How the best coaches help others to succeed
Thursday, November 02, 2017
Coaching is the process of helping someone master a skill or the correct application of knowledge.
Teaching focuses on learning something new; coaching focuses on mastering that something. Teaching ends when someone able to demonstrate that he or she can correctly perform the skill or apply the knowledge.
Coaching begins after someone has learned the new skill or knowledge. The coaching process should continue until after the individual has fully mastered the skill or knowledge application, capable of replicating the learning transfer with other people.
Coaching is best done at a brief interval after the individual has learned the new skill or knowledge application. Depending on the nature of what has been learned and its impact on the job, the interval can be hours or days following the point in time where you taught the skill or knowledge application. It is best done after you have observed the skill being applied, though observation is not a necessity.
Effective coaching is question-driven self-discovery, not advice
The ideal coach is a thinking partner to the person being coached. The coach asks questions to lead the person being coached through the process of self-assessment, not offering any advice, observations or opinions until after the person being coached has self-assessed.
The objective of coaching is to ensure the person being coached can consistently replicate success, and that is based on what he or she knows or understands.
Advice, observations and opinions come from what the coach knows, not what the person being coached knows. Coaching should start with what the person being coached knows and doesn't know, which is why it is so important to lead the process with questions.
Basic but brilliant coaching questions
Suppose a few days ago your employer launched a new initiative (we'll call this Initiative X). Your staff met and received training on the initiative. You've just observed Mike, a staff member, who put Initiative X to use. Here are three brilliant coaching questions you could use:
1. What is working well for you?
How to ask it: "Mike, it's been a few days since we launched Initiative X, and I noticed you have had an opportunity or two to put it to use. I'm curious ... what has worked well for you the last time you had an opportunity to put Initiative X to work?"
Why the question is brilliant: The question tells Mike the initiative is important and you are aware of the opportunities he's had to apply it. You are asking his opinion, which shows respect for him and genuine interest in how things are going for him. It allows him to identify what he thinks he is doing well, rather than what you think he is doing well. It opens up the opportunity to ask follow-up questions and for him to demonstrate his expertise.
How to follow it up: Thank him for doing these things and encourage him to be consistent in doing what he's done well. Use this as an opportunity to help him understand how the company/department/customers benefit from his correct application. If he missed anything he did well that you observed, then let him know what it was and that you appreciate it.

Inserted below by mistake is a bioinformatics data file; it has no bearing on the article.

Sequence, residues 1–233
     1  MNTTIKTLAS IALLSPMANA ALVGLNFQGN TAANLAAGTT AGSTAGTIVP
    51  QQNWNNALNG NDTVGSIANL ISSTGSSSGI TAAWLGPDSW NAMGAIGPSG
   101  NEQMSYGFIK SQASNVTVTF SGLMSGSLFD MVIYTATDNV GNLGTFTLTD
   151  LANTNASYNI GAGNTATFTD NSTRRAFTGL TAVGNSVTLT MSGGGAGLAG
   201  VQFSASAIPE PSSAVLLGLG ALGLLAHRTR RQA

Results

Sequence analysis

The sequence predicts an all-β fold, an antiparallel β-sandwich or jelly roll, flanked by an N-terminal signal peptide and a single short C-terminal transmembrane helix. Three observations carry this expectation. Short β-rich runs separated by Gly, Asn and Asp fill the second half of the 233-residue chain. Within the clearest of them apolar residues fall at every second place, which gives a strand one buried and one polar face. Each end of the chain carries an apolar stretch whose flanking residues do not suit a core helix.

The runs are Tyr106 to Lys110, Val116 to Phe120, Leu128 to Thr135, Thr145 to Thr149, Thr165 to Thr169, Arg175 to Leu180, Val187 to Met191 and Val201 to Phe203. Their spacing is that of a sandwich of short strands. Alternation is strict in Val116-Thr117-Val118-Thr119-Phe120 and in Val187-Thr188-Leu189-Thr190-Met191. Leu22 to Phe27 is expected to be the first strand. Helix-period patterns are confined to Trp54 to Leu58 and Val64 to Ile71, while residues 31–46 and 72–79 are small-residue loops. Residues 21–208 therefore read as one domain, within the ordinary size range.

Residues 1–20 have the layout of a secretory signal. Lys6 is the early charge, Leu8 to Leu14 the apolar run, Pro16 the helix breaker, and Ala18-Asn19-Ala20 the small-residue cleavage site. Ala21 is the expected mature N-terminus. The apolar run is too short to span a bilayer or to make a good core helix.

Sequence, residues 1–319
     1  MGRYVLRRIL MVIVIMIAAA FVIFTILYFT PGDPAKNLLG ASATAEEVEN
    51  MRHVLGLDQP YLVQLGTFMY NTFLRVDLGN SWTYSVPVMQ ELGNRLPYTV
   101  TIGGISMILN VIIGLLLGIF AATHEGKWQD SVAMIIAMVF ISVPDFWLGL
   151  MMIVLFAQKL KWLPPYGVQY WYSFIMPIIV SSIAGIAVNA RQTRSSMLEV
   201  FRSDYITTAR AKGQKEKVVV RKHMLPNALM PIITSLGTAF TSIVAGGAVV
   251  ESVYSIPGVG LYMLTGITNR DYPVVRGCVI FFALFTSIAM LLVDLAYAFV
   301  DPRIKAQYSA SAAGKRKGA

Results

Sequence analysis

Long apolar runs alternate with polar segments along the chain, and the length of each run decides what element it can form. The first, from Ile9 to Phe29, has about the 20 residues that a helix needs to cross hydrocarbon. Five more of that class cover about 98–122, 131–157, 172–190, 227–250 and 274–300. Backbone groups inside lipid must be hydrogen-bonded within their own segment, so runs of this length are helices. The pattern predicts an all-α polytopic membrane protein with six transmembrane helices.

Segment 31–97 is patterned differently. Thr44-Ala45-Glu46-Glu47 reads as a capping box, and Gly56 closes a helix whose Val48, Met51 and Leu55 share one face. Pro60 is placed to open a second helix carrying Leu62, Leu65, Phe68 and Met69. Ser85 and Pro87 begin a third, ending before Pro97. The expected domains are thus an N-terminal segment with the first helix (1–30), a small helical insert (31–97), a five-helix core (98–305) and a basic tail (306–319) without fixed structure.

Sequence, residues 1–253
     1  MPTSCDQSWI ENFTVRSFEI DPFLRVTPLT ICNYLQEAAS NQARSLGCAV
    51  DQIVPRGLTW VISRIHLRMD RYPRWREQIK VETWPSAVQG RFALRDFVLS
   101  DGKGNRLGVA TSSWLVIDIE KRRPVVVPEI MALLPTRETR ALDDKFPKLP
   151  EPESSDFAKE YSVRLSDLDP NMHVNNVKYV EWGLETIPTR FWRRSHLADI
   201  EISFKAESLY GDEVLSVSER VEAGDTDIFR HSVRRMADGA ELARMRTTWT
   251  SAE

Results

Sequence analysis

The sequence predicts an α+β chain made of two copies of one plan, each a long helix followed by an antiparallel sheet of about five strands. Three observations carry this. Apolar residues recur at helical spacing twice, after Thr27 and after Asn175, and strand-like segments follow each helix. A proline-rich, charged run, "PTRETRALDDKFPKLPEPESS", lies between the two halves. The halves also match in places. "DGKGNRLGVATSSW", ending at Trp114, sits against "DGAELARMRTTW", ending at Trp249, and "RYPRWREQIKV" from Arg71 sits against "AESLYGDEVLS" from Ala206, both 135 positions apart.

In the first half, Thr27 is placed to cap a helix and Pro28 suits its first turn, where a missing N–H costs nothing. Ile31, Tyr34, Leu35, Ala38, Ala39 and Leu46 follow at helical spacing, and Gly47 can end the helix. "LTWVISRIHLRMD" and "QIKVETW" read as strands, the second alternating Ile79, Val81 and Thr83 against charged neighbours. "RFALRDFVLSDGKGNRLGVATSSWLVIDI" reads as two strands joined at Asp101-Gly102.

2. What didn't go as well as you'd have liked?
How to ask it: "So, has there been anything that hasn't gone as well as you'd have liked?"
Why the question is brilliant: The question is broad and nonjudgmental. It says that in anything new, there will likely be areas that won't be perfect at the start. It allows Mike to identify any issues he is aware of, and he'll likely tell you what he should have done instead. This is a critical aspect of coaching — helping the person being coached to self-diagnose, learn and improve. Because Mike is identifying the areas he didn't think went well, it isn't criticism.
How to follow it up: Probe for what he thinks caused it to not go well. Can he diagnose problem areas and so that in the future he can make the adjustments along the way? If he didn't identify a significant shortcoming that you observed, you may need to use questions to help him see it. For example, saying something like, "When we had our training, I thought one area that could be problematic was XXXXX. How did that go for you?" If he doesn't see the problem you did, perhaps he was not taught thoroughly enough in the first place, which provides an opportunity for you to reteach the area.
3. What things will you do differently next time?
How to ask it: "Mike, as a result of your experiences with Initiative X plus our discussion today, is there anything you will do differently next time?"
Why the question is brilliant: It calls for him to move from learning toward mastery by stating the specific actions he'll take in the future, which can be viewed as his commitment to improvement.
How to follow it up: Encourage him to take the step(s). Use questions to help him think it through more if needed. Ask when he thinks he'll have his next opportunity to try out the new approach. And let him know that you'd like to learn how his new approach has worked — which you can ask about the next time you see him (unless he seeks you out to let you know).
These three basic but brilliant questions are all designed for you to hold up the mirror of self-discovery and be a more effective thinking partner for your staff and others who seek your opinion. As a result of consistently using this approach, your staff will begin to self-assess as part of their normal approach to assignments and work.
Leading with questions in this way will not only make you a more effective developer of talent, but it will also increase the respect the people around you have for you.
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